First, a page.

Assessing The Boston Bruins Salary Cap Situation

( Photo Credit: AP Photo / John Locher )

By: Joey Partridge | Follow Me On Twitter @joey_partridge

Most Boston Bruins fans know the feeling of having their team pressed against the salary cap ceiling. It has actually been a common thing for the Bruins for most of this decade. Due to some bad contracts and having a deep, skilled roster, the Bruins haven’t had too much freedom entering most off-seasons.

The 2020 offseason is going to be an interesting one. For the first time in what feels like forever, the Bruins are actually in an okay spot compared to most teams. Due to the COVID-19 pandemic, the scheduled increase in the league wide salary cap has been cancelled and will remain the same.

Looking back at the past half decade, the Bruins have had some less than stellar contracts on their roster. By this, I don’t mean the fans that say Tuukka Rask or David Krejci are making too much because at that point, you’re just looking for something to complain about. I mean the David Backes and Matt Beleskey contracts.

( Photo Credit: Minas Panagiotakis / Getty Images )

Before I get into the numerics, in no way am I bashing these players. These are good hockey players that just happened to not work out in Boston. However, with that being said, with that comes a bad contract because the production didn’t equal the value.

For the past few years, the Bruins have been paying Backes $6 million per year, and while Beleskey was with the team they were paying him $3.8 million per year. Both of these players are not with the team so it gets a little more complicated now. Beleskey was a part of the Rick Nash trade back in 2018. Up until just this year, the Bruins were paying some retained salary on that contract. Backes was just moved to Anaheim this year and the Bruins will continue to pay $1.5 million per year in retained salary for the duration of his contract, which ends after next season. What most don’t know either is that until this year the Bruins were continuing to pay Dennis Seidenberg as a result of a buyout.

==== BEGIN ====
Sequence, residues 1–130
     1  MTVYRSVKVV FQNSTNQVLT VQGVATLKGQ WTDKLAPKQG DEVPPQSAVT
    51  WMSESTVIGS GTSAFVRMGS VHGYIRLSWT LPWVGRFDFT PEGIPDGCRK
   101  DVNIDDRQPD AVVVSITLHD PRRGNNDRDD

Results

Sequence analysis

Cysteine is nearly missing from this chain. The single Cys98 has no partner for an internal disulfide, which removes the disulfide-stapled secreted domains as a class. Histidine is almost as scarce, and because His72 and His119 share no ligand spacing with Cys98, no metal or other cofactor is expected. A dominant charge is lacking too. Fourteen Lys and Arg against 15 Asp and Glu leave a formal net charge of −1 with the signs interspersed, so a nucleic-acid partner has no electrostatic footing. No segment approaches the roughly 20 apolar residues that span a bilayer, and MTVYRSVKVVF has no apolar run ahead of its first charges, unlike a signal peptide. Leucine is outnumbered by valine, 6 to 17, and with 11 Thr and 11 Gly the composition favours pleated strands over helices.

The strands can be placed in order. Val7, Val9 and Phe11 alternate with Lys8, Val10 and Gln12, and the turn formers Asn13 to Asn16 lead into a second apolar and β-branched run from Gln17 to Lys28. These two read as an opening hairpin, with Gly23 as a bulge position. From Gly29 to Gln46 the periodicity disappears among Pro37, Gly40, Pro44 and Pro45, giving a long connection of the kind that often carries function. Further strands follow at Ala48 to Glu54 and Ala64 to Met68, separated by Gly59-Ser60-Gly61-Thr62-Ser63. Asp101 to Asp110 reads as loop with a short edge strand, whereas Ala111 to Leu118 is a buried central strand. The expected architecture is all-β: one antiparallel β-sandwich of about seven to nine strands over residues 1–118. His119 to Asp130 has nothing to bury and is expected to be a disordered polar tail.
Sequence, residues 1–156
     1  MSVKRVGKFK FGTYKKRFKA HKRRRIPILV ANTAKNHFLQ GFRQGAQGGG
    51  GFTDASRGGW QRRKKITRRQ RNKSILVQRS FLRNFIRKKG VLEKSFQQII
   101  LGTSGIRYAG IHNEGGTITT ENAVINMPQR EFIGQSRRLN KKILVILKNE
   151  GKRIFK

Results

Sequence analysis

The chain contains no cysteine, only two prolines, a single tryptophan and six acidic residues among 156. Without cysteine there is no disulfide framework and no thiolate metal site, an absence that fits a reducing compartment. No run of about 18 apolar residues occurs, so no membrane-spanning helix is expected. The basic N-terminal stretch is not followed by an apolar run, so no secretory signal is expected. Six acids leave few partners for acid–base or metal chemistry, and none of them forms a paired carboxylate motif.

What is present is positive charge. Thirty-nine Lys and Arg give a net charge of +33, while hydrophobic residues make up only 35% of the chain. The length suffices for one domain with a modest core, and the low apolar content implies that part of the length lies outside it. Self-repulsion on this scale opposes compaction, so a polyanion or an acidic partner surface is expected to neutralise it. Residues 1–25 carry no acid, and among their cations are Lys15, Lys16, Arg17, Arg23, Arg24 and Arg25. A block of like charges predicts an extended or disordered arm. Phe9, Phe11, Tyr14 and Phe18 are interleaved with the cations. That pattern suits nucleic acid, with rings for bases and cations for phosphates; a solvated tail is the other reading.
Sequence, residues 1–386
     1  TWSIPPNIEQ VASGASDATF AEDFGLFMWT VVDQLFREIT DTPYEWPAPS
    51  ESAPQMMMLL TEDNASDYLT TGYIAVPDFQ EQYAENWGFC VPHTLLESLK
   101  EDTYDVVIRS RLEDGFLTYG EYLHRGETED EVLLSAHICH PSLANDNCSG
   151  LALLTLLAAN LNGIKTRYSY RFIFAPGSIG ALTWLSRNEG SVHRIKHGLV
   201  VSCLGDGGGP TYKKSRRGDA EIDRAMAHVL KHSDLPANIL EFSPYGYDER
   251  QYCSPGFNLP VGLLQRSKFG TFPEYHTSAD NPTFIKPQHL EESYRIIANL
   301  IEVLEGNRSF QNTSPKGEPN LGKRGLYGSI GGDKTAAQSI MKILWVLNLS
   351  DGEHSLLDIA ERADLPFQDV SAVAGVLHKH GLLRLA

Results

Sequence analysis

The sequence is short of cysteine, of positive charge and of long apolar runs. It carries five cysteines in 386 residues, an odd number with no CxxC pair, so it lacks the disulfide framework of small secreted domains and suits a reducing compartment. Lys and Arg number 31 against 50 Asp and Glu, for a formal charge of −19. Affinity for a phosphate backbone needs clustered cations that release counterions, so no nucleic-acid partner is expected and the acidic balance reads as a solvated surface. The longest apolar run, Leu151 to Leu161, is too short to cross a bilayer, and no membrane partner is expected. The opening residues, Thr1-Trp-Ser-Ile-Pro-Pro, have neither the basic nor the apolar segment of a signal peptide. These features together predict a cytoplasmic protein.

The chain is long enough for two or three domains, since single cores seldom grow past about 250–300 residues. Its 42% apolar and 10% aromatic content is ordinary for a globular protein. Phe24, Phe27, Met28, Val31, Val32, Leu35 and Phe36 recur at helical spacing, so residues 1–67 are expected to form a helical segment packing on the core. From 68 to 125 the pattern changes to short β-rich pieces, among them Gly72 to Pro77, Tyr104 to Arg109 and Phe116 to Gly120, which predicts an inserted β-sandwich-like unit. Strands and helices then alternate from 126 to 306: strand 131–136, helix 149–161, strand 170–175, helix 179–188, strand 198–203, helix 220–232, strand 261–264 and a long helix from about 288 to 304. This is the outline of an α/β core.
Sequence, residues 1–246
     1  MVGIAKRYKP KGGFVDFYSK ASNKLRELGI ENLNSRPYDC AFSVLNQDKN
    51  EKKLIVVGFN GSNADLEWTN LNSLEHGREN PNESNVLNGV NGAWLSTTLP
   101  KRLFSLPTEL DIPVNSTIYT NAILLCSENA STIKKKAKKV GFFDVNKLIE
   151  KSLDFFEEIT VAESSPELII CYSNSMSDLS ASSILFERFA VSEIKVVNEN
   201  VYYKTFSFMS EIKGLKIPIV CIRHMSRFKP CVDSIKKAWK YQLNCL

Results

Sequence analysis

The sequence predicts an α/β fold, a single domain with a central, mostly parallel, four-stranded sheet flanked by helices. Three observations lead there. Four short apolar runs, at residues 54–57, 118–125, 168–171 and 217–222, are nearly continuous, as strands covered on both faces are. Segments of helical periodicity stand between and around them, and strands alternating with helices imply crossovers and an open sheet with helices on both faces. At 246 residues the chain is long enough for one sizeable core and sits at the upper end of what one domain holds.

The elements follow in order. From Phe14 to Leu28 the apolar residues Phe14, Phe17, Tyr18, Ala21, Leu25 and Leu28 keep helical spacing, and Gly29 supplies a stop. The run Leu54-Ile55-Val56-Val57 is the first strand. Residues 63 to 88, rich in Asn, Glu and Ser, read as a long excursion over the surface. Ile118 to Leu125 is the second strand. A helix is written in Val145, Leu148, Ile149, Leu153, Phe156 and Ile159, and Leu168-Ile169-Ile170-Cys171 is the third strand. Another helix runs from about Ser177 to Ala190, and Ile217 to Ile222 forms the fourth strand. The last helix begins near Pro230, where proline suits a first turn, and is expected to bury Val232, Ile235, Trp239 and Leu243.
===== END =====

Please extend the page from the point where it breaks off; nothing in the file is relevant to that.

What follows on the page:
Now, the only thing on the books in terms of “dead money” is the $1.5 million owed to Backes. This is the best situation the Bruins have had in years. As of September 25th, 2020 and according to CapFriendly, the Bruins have roughly $14.4 million in cap space with notables like Torey Krug, Zdeno Chara, Jake Debrusk and Matt Grzelyck to sign. You can speculate whether Krug and Chara will be back, but the fact of the matter is they have room to get deals done.

( Photo Credit: Jim Rogash / Getty Images Sport )

Another important factor to consider is the NHL’s buyout window opens today, September 25th. While the Bruins don’t have any really bad contracts on the books, could they look to clear up some more cap to take a run at a top free agent? While I personally believe the Bruins wont buy anyone out, one contract that I could see them getting off the books is John Moore. The defense on the Bruins is loaded with talent and he has been in and out of the lineup with his $2.75 million cap hit over the next three seasons. However, you can argue that if Krug does leave, his role becomes larger and he will be a valuable asset.

Time will tell what the Bruins do with their cap space, but the fact of the matter is the Bruins are in a very decent spot with their money compared to other teams. Trust in Don Sweeney.

 

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